Energy Voice | Nord Stream 2 hits back at Trump’s attack on Russian gas

The company set up to build Russia’s new natural gas pipeline to Europe hit back at criticism from U.S. President Donald Trump, noting that building the link doesn’t require anyone to buy the fuel.

Nord Stream 2 AG, which has started construction work on the project that will bring gas from Russia into Germany via the Baltic Sea, said that the pipeline has been built according to European Union and national law and will sell gas to Europe at market prices.

Trump on Wednesday made a strong attack on Germany’s dependence on Russian natural gas, saying the Nord Stream 2 pipeline shows Europe’s largest economy is “totally controlled by Russia.”

“It’s very sad when Germany makes a massive oil and gas deal with Russia where we’re supposed to be guarding against Russia and Germany goes out and pays billions and billions of dollars a year to Russia,” Trump said in a tense meeting with Jens Stoltenberg, the general secretary of the North Atlantic Treaty Organization in Brussels.

Nord Stream 2 pushed back against Trump’s comments, noting that the pipeline route doesn’t come with a requirement that Germany purchase the gas that’s shipped in.

“The Nord Stream 2 pipeline will add supply options — not buying obligations,” the company said in a statement. “Just like any commercial offering, the pipeline will only be used by customers if the seller offers natural gas at a price the market can support.”

Tensions between Washington and Berlin over the pipeline flared in May, with State Department envoys warning that the U.S. might impose sanctions to prevent the Gazprom-sponsored Nord Stream 2 pipeline. The U.S. has long had concerns that Europe is too dependent on Russian gas, and the cash it pays for that fuel helps pay for Russia’s military.

Trump highlighted those concerns in blunt language, though he didn’t mention sanctions.

“We’re supposed to protect you against Russia, but they’re paying billions of dollars to Russia, and I think that’s very inappropriate,” Trump said.

“Trade is wonderful, energy is a whole different story,” Trump said. “Energy is a much different story than normal trade.”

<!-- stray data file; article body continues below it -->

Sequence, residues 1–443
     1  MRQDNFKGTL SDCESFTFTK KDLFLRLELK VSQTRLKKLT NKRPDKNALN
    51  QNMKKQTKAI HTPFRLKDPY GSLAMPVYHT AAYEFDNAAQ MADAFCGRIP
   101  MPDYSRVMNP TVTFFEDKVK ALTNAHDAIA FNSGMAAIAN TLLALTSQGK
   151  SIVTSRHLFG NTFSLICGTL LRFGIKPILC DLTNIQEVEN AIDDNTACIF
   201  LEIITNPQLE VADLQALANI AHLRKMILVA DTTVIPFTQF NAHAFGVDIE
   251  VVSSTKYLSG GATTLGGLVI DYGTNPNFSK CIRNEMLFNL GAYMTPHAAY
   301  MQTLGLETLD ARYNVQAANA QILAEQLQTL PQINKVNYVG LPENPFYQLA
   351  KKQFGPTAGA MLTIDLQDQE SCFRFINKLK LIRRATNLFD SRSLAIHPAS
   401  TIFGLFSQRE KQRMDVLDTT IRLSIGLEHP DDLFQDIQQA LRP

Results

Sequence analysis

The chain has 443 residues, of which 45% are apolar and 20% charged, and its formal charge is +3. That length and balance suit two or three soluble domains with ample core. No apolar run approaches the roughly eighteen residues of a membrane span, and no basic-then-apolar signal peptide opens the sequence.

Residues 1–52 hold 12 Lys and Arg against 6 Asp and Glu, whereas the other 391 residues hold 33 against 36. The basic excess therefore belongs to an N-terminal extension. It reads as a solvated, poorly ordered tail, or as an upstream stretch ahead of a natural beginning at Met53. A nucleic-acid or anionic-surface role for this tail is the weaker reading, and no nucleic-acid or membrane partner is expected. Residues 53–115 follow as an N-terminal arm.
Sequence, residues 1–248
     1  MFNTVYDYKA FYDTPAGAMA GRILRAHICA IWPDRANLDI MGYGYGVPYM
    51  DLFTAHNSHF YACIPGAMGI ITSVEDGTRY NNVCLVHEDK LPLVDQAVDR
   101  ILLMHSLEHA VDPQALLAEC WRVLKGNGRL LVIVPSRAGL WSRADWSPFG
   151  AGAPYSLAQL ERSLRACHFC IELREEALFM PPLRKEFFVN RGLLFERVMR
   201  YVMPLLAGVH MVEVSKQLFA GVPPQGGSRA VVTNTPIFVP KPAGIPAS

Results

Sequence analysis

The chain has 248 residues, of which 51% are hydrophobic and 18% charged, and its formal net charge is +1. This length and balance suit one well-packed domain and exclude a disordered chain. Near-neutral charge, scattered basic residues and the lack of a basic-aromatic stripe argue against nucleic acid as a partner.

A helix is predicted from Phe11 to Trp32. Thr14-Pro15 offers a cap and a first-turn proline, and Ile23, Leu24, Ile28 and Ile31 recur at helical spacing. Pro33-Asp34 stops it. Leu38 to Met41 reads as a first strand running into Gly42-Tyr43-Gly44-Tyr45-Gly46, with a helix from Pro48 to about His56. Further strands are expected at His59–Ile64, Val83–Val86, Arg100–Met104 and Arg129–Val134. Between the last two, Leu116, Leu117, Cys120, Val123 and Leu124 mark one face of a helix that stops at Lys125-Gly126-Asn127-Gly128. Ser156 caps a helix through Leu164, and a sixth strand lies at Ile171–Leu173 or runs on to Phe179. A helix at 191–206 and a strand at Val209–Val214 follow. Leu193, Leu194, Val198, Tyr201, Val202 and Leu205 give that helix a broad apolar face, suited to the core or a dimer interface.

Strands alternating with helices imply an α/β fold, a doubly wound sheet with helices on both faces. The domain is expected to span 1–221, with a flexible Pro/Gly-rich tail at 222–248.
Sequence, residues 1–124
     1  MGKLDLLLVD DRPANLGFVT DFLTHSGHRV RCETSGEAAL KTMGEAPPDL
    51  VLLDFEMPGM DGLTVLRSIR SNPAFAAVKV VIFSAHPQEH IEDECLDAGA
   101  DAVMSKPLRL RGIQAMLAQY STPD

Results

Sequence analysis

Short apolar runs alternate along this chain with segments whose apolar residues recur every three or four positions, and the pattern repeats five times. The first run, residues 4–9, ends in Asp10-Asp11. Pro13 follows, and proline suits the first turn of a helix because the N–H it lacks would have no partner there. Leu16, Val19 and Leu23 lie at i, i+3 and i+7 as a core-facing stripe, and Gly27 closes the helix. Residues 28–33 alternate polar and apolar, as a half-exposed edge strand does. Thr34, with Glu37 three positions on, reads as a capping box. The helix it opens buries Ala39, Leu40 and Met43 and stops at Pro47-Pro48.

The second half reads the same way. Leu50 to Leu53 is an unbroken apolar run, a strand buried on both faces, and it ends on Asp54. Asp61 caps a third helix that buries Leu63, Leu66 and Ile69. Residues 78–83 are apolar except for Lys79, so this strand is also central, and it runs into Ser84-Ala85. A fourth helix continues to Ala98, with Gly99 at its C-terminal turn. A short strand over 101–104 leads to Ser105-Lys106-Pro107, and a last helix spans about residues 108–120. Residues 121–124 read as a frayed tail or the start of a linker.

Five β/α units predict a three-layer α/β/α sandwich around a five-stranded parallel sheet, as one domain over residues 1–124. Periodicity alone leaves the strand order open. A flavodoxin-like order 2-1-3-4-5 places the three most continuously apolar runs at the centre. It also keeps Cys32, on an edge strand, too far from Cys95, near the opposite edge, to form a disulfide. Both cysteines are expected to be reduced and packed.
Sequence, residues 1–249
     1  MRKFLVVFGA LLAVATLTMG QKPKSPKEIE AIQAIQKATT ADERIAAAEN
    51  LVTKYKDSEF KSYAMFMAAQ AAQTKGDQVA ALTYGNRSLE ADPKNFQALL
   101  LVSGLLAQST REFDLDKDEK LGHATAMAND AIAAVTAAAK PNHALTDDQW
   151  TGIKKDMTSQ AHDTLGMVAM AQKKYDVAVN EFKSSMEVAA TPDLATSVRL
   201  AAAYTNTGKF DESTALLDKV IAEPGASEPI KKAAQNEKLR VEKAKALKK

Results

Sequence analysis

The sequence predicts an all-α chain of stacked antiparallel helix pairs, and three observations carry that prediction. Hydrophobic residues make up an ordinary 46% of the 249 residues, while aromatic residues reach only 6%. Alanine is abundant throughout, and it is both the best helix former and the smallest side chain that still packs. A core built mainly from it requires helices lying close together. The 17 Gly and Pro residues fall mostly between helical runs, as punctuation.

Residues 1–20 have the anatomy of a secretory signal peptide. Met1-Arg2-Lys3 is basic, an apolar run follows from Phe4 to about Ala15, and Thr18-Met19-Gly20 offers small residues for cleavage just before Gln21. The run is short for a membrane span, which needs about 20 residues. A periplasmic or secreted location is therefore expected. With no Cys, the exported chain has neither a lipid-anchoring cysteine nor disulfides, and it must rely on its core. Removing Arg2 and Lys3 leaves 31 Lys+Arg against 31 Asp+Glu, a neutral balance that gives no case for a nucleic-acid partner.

Trump’s attack on the Gazprom PJSC-backed pipeline followed dredging work that started in May to make way for the pipeline even as U.S. officials were threatening sanctions. The pipeline sections will be lowered into the Baltic Sea this summer, with the link expected to be operational by the end of 2019.

German officials have said they don’t expect the U.S. to sanction the pipeline, and Trump did not refer to sanctions during his heated exchange with Stoltenberg. Royal Dutch Shell Plc, BASF SE’s Wintershall unit, Uniper SE, OMV AG and Engie SA have agreed to provide Gazprom with financing for the project and could theoretically be hit by sanctions.

“I don’t think it (Nord Stream 2) should have happened, and we have to talk to Germany about that,” Trump said.

Trump is in Brussels to demand that the alliance’s European members sharply boost their defense to meet NATO’s spending benchmark of 2 percent of gross domestic product. Germany budgets about 1.2 percent of its GDP on the military, whereas the U.S. spends closer to 4 percent, a gap Trump has repeatedly criticized.

Russia supplies more than a third of Europe’s gas, and is increasing its market share. It’s the biggest single supplier of the fuel, and Gazprom’s shipments to the continent hit a record last year. Trump has said he would like to see an increase in U.S. exports of liquified natural gas.

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